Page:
Small Food Retailers Outpace Larger Chains in 2003-2004

Smaller food retailers with sales under $100 million posted six-year highs in net profits (1.45 percent) and return on equity (20.38 percent) in fiscal year 2003-2004, according to the Food Marketing Institute (FMI) 2004 Annual Financial Review released March 15. The net profit for the total industry declined to 0.88 percent, down from 0.95 percent the year before.

The overall decline was due mainly to figures posted by large food retailers, particularly those still recovering from the prolonged labor strike in southern California. In addition, health insurance costs increased 19 percent in 2003-2004, and a majority of the companies surveyed for the report expect further increases of up to 14 percent in the next fiscal year.

“Without a doubt, this is a tough, competitive market,” said FMI President and CEO Tim Hammonds. “Companies are squeezed by fierce price competition and continued double-digit increases in the cost of heath benefits — a major expense for an industry as labor intensive as ours.”

Industry Optimistic About the Future

“Most encouraging, however, is that many retailers are finding solutions,” Hammonds said. “Supermarkets are continuing to find ways to operate more efficiently as reflected in reduced inventory levels and strong asset turnover rates. And the top performers are investing in technology, consumer service and new products that should sustain growth in the years to come.”

The survey for the report found that 90 percent of retailers are optimistic about their future economic outlook, including 35 percent who are “very optimistic.”

Among the most significant findings in key financial ratios for fiscal year 2003-2004:
  • Earnings before interest, taxes, depreciation and amortization (EBITDA) — regarded by many as the truest measure of operating performance — 4.20 percent, down from 5.08 percent.

  • Return on assets (ROA) — 3.20 percent, up slightly from 3.04 percent.

  • Return on equity (ROE) — 9.38 percent, from 10.60 percent.

  • Reflecting increased efficiency, inventory levels declined to a five-year low at 20.67 percent of assets, as did accounts payable, which dropped to 15.79 percent.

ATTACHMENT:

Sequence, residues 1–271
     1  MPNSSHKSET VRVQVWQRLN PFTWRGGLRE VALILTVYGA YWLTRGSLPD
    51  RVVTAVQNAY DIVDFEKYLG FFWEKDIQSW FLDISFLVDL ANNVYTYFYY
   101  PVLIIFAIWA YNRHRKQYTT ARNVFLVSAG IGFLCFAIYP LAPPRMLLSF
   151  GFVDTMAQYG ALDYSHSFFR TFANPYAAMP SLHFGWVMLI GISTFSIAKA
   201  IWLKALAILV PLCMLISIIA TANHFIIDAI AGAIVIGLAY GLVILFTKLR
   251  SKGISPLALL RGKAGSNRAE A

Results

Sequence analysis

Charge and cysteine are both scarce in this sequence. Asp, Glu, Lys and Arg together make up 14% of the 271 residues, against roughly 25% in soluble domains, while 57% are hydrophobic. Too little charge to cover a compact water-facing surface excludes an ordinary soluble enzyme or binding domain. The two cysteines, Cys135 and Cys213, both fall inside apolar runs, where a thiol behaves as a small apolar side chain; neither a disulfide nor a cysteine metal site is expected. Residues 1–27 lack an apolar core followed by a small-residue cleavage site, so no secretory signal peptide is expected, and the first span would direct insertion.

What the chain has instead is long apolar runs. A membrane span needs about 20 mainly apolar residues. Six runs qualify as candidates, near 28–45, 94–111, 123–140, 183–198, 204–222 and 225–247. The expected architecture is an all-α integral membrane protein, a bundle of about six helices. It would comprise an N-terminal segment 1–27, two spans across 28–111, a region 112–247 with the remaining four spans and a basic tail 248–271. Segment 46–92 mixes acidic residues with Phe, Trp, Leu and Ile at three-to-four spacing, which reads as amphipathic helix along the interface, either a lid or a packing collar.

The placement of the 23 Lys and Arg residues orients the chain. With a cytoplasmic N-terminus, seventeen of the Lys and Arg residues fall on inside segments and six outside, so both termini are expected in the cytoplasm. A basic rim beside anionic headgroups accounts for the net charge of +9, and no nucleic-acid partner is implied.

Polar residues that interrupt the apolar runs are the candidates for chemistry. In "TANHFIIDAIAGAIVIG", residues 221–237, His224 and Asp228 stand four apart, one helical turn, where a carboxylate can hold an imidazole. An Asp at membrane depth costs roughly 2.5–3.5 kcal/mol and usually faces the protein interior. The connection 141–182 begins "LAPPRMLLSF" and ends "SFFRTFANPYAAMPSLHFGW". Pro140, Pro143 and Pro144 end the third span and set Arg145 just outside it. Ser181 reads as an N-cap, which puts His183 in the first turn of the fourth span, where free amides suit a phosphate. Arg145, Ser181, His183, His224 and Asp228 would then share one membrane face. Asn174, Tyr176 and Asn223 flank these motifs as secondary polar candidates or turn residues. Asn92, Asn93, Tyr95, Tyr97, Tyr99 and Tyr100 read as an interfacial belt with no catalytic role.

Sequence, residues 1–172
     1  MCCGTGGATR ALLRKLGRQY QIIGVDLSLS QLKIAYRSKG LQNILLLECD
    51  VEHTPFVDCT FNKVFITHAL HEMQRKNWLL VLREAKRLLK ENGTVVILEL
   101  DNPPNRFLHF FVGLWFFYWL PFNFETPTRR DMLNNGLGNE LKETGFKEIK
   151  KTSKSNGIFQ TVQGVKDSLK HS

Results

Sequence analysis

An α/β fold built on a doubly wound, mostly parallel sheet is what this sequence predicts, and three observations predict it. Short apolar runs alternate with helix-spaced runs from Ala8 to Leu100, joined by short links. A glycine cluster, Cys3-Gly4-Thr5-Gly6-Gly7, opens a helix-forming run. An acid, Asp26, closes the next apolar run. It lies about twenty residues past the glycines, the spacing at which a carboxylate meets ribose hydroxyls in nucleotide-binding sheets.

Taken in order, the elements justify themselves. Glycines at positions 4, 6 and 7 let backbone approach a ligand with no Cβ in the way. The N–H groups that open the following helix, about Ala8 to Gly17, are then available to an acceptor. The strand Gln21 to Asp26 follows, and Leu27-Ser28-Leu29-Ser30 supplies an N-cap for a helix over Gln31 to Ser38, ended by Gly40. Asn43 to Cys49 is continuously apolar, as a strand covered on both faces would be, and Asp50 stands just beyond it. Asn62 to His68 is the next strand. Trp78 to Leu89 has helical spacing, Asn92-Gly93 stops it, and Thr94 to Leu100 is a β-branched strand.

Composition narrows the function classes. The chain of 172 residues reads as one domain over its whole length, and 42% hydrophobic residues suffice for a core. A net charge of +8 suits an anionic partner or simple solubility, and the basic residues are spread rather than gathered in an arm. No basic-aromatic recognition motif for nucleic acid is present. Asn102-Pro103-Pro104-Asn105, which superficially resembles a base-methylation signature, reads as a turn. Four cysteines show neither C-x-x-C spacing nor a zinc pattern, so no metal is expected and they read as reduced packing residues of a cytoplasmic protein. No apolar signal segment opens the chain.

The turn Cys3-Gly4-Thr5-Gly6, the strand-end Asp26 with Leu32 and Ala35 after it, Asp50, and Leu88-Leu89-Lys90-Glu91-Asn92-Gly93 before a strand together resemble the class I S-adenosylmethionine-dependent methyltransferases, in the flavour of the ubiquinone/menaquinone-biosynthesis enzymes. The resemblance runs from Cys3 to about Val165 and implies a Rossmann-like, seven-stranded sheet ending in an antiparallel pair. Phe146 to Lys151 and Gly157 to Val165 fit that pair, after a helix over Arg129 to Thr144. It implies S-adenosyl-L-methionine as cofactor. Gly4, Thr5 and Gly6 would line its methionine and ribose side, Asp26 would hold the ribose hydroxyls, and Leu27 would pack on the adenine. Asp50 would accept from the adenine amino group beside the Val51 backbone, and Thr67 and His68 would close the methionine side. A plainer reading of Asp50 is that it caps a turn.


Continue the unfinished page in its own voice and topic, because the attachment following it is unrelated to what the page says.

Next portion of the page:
• Many companies improved their liquidity with cash as a percentage of assets up to 6.62 percent, from 4.01 percent in 2002-2003.

  • Long-term debt continued to decline, to 37.12 percent of assets — two points lower than the two previous years. The debt-to-equity ratio also dropped, to 2.29, from 2.43.
“All together,” said Hammonds, “these results show that the industry is repositioning itself for growth. The most progressive retailers are learning how to prosper in a largely price-driven marketplace.”

Benchmarks for Success

Retailers searching for pathways to success can find the benchmarks in the report’s financial profile of the top 25 percent profit leaders. Their after-tax net profit was 3.48 percent and EBITDA 6.72 percent.

“Most telling,” said Hammonds, “the profit leaders reported holding less cash than their less profitable counterparts (4.50 percent) — mostly likely because they have made significant capital expenditures investing in their future, spending nearly twice the industry norm at 4.20 percent.

“As the supermarket celebrates its 75th year, it’s inspirational to see this industry continuing to marshal its historic passion for marketing, for innovation and for service that have made the industry world class.”

The 2003-2004 Annual Financial Review is based on data from 166 companies operating 12,789 stores totaling $253 billion in sales — half of all U.S. retail food sales. Data are broken out by company size and by profit leaders. To purchase the report, please download a copy from www.fmi.org/store/ ($50 for FMI retailer/wholesaler members, $100 for associate members and $150 for nonmembers). To buy a hard copy, contact FMI Publications and Video Sales (202-220-0723); there is an additional $10 fee to cover printing, handling and shipping costs.

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